The Six Million Dollar Man 5.8 – Dark Side of the Moon (part one)

Afraid it’s been an unhappy Thanksgiving around the Secret Fire-Breathing Headquarters. Our son is down with a stomach bug – on all the days! – and so he was curled up under a quilt for tonight’s episode. He didn’t enjoy it a whole lot, but we have to grade on a curve because he doesn’t feel all that well.

It’s commonly understood that Star Wars killed Six and all the super-agent shows of the seventies, but they went down fighting against the space invaders with some more overt sci-fi storylines. Wonder Woman, for example, had its celebrated and ridiculous “Mind Stealers From Outer Space” story, and then there’s John Meredyth Lucas’s two-part episode “Dark Side of the Moon” from November 1977, which blows kisses of plausibility at Dr. Science and then runs off and elopes with Dr. Whatever, Man, Anything Can Happen in Science Fiction.

The villain is played by Jack Colvin, who, like the other main guest star Simone Griffeth, was a Universal regular at the time. He’s a scientist with apparent access to many millions of dollars and he secretly redirects a mission to mine some Unobtanium from an asteroid to the dark side of the moon, where he’s convinced that it can be found in abundance. His whole plan reeks of being a cover story for something more sinister because, of course, there isn’t any unobtanium to be found and he says to keep blasting, but he never even blinks to say “that’s odd.” Colvin plays the character as though he’s looking for something else, which is very strange.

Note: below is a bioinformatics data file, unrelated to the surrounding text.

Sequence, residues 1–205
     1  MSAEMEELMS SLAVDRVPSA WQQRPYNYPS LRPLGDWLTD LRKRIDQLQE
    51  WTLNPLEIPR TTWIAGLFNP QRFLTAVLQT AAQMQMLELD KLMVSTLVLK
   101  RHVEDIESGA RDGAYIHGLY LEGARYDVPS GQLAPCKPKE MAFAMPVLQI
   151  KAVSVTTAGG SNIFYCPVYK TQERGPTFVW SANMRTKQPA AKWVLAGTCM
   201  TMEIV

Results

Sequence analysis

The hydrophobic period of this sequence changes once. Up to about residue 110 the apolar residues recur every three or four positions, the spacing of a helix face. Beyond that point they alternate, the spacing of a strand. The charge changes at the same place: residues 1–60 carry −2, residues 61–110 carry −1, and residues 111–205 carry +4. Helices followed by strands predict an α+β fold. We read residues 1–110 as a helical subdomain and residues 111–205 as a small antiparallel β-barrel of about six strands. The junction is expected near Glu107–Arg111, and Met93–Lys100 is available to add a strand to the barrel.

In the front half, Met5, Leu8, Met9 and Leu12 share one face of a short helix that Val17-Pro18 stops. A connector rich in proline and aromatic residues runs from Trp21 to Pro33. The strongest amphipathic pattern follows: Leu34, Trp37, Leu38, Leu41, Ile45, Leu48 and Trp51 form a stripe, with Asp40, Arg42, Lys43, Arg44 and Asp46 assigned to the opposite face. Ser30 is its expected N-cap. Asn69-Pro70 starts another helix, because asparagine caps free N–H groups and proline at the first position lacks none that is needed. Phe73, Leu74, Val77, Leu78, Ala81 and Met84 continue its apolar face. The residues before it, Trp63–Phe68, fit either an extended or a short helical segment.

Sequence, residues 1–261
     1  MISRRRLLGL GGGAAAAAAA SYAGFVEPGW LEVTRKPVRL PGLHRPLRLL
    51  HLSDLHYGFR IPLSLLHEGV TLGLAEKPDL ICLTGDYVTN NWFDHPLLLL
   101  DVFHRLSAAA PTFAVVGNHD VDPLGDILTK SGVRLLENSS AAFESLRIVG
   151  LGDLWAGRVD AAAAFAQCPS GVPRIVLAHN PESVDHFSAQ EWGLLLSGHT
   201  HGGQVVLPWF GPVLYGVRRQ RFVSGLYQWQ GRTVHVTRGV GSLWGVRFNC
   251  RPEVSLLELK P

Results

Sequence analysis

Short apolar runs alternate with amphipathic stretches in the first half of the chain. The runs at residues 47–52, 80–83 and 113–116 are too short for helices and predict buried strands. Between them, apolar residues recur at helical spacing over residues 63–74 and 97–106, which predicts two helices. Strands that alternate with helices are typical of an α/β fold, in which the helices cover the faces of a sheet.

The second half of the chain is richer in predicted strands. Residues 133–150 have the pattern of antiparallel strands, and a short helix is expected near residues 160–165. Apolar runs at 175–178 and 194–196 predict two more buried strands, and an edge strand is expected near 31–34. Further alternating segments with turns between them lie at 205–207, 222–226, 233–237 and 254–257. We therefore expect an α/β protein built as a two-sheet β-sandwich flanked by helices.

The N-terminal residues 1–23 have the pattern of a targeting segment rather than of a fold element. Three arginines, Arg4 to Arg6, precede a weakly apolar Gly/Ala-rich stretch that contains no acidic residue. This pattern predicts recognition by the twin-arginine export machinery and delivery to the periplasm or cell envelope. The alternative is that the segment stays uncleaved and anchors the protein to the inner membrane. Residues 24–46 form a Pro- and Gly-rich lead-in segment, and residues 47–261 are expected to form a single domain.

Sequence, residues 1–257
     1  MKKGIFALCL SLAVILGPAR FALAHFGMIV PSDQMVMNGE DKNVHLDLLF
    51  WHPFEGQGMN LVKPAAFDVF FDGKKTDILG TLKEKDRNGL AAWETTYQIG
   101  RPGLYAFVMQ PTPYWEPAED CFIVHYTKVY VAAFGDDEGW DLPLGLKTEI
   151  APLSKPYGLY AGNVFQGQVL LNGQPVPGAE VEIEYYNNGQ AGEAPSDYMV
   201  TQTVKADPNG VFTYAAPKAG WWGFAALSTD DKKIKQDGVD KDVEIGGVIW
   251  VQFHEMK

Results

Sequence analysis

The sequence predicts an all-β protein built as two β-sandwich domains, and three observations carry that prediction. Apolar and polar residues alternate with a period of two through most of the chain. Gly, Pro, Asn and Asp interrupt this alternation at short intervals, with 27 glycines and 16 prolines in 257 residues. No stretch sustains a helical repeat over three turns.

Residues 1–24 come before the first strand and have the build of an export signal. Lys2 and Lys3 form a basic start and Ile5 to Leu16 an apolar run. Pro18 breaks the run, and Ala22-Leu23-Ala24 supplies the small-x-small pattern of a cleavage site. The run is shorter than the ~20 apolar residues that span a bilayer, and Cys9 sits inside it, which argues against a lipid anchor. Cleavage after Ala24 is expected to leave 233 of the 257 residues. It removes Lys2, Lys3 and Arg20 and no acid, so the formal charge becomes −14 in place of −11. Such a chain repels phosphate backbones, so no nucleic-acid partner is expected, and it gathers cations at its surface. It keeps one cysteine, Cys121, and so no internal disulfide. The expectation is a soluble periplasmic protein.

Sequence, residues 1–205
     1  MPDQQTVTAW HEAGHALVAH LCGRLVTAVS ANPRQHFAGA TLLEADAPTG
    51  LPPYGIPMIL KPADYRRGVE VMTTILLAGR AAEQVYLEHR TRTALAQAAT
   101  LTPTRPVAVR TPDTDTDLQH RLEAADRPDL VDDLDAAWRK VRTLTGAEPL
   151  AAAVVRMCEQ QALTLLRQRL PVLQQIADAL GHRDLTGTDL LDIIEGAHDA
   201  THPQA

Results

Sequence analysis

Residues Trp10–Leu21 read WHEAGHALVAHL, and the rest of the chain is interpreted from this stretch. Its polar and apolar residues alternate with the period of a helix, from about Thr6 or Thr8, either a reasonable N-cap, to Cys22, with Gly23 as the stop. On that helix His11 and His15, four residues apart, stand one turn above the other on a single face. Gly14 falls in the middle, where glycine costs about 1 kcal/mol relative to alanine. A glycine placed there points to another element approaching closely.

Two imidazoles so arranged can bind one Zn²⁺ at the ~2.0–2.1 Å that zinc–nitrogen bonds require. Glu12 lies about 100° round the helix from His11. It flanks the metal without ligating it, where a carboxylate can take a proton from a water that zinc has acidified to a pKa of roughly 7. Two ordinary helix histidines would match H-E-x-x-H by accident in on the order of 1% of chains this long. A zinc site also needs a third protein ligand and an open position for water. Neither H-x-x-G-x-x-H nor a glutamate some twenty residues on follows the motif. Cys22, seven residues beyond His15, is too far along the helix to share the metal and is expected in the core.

So Steve has to go to the moon to find out what’s going on, because Colvin’s blasting has knocked the moon slightly out of its orbit and the weather has gone haywire. In the universe of Six, Apollo rockets are ready to go at a moment’s notice, and the landers can fly around from asteroids to the moon and back without adaptation or detection from Earth. Sometimes when a show like this, which pretends to be “the real world” with just a few changes, goes off into fantasyland it can’t help but grate a little. Lee Majors is the best thing about this hour by miles. When he picks up a frisbee left behind on a previous moon mission and tosses it into the horizon, he looks like he’s having a blast.

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